5. What is the business case you have to make to a company to get them to participate with iRelaunch?
Our iRelaunch Return to Work Conference is the only large scale gathering of educated, experienced people who are interested in returning to work after a career break. Participants are 90-95% women, 80% with graduate degrees and 70% interested in returning to conventional full time jobs. The Conference is not a job fair, but a content intensive, educationally focused day encouraging substantive conversation between employers and participants. We engage with a limited group of companies at each conference who have networking tables on the periphery of the general session room. When companies say they are interested in the pool of returning professionals, but don’t know where to find them, we tell them they can find them at our conference.
6. Who is your ¨typical¨ career breaker that you help? I see you have a lot of information specifically for moms. Is that the demographic you started with?
We started with moms because the subtitle of our book is “A Guide for Stay-at-Home Moms Who Want to Return to Work,” which was a decision we made with our publisher. We interviewed over 100 moms who had made the home to work transition as part of our book research. Plus Vivian and I are moms; Vivian has five children and I have four. However, as you know well, people take career breaks for a range of reasons. We see our career reentry strategies as gender neutral and effective for people who have taken career breaks for any reason. We have success stories on our site now of men who have returned from career breaks and of women who have taken career breaks for reasons other than childcare. With that said, 90-95% of participants in our programs are female, and many are returning from career break for childcare reasons.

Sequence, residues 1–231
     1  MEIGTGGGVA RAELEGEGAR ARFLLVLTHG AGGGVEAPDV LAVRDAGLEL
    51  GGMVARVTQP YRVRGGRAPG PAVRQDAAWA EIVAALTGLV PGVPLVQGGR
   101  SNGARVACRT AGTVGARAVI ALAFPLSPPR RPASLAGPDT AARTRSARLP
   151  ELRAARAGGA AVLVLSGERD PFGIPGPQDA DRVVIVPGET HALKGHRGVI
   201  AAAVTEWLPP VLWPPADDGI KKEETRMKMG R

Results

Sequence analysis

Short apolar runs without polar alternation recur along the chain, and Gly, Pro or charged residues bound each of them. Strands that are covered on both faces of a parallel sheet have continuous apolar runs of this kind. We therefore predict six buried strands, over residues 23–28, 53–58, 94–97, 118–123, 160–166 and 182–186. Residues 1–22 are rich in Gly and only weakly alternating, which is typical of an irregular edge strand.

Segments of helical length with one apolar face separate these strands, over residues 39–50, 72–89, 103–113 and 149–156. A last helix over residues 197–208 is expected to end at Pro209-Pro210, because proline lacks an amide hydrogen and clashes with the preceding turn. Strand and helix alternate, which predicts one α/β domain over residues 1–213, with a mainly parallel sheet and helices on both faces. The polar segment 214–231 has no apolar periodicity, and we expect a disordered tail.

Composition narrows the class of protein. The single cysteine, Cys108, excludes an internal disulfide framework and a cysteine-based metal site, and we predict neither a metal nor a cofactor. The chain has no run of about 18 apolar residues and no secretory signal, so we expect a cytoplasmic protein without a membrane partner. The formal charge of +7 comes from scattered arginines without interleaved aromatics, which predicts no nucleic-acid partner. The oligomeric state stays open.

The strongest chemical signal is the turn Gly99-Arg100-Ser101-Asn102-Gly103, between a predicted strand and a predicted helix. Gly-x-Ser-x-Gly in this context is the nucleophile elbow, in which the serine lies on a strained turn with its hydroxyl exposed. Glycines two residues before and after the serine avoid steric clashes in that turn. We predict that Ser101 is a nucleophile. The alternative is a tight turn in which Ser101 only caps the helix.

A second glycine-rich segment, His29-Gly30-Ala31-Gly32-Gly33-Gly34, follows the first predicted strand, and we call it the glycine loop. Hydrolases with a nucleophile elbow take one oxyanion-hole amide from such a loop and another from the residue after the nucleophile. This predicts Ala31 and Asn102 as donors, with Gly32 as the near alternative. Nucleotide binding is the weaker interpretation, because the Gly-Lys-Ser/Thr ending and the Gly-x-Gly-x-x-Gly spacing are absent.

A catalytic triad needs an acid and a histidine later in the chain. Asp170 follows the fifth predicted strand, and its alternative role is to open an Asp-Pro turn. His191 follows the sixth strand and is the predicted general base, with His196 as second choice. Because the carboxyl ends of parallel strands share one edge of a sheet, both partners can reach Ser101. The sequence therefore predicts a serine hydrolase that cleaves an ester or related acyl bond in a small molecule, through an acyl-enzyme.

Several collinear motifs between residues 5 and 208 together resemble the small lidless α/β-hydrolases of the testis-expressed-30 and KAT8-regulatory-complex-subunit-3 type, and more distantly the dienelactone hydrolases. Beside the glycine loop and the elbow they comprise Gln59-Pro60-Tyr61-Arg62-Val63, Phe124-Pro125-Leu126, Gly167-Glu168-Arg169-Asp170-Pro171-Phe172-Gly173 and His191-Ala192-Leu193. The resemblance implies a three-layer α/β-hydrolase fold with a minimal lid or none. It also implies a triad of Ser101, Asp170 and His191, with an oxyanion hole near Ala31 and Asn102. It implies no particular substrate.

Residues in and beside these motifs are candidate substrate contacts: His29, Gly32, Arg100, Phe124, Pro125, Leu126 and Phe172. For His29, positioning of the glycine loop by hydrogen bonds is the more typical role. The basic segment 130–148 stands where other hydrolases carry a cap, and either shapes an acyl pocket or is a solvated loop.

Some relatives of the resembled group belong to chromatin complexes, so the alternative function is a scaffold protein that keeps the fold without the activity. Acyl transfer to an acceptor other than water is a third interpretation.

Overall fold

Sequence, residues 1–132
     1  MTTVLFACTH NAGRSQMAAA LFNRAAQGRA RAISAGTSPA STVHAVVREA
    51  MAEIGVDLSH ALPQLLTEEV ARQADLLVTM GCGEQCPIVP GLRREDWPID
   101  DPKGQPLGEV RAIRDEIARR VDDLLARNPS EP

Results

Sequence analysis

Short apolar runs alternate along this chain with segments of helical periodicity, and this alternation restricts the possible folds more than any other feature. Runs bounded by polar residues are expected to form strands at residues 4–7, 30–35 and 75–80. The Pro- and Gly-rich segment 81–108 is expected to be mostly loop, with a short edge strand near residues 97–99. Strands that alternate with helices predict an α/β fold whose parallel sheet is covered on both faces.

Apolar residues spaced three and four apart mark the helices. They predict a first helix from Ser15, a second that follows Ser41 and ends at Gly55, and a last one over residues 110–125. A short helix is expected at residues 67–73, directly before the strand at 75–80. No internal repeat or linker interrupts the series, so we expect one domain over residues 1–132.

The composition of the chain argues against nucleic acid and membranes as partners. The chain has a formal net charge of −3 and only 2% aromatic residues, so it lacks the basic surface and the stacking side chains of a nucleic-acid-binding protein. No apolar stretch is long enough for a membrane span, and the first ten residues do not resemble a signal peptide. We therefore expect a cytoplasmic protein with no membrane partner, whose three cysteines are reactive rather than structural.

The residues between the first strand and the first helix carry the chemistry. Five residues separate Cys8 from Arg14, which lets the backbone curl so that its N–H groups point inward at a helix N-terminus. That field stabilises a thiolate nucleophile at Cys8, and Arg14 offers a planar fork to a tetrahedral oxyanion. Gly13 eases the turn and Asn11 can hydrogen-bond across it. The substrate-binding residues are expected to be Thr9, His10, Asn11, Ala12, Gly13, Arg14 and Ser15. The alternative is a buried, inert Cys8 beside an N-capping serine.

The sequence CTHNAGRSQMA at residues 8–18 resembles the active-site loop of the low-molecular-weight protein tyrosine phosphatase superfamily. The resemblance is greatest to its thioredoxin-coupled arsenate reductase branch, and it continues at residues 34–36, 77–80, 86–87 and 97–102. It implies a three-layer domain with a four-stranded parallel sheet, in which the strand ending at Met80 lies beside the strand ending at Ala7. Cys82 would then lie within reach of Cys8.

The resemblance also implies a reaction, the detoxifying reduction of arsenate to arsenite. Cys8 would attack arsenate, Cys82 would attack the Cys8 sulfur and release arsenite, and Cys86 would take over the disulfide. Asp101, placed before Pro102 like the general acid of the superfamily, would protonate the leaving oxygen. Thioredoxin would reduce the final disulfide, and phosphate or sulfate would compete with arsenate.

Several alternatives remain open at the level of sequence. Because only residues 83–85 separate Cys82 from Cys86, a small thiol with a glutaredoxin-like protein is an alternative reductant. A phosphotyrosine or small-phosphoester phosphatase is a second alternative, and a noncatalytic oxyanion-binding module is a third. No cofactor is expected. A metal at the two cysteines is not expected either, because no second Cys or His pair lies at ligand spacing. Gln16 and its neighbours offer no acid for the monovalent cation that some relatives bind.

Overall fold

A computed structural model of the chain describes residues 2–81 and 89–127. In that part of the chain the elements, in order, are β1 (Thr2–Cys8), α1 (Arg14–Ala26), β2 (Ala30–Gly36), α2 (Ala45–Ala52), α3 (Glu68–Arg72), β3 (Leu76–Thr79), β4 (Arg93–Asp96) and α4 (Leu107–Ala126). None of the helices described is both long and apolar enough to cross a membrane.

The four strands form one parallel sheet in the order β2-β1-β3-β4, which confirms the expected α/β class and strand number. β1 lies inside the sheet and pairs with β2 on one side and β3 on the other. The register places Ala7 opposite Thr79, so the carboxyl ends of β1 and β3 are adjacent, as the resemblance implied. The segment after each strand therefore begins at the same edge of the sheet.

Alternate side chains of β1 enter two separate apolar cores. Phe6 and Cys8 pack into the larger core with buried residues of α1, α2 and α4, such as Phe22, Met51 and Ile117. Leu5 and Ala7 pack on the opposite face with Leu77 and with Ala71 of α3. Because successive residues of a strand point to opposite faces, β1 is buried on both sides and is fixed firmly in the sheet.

7. How have you seen attitudes about career breaks change amongst employers since 2006?
We actually view 2004 as the watershed year. That year, Deloitte began its Personal Pursuits program for accountants who wanted to take a multi-year leave and later return to the firm. Also, two studies were conducted in 2004 focusing on women on career break, one by the Center for Work Life Policy and one by CBRi (now Aquent). Results from those studies were reported in 2005, which was the same year Lehman Brothers announced their Encore Program for ex-finance professionals returning from career break. In 2006, Tuck School of Business at Dartmouth and Harvard Business School announced career reentry programs (note that Harvard Business School had been running a related program, Charting Your Course, since 2001). Other corporate and university programs soon followed. To quantify the explosion of career reentry programming post-2004, refer to the iRelaunch Comprehensive List of Career Reentry Programs Worldwide. We track career reentry programs that have run at least once at employers, universities, government agencies and foundations. Consider that prior to 2004, we could identify only nine programs and today we have 71 programs on the list.
Along with the dramatic increase in career reentry programs, has been more media coverage. One of our missions is to get return to work success stories in the public domain. All of this is to say that yes, attitudes are shifting. There is less of a stigma attached to people who choose to take a career break then there was prior to 2004. It is still a tough process to return, and a solid framework and strategy are required. But we find employers are much more interested in the merits of the relauncher demographic than in the past, and some are actively seeking to engage with the demographic, especially as a way to access more female experienced hires.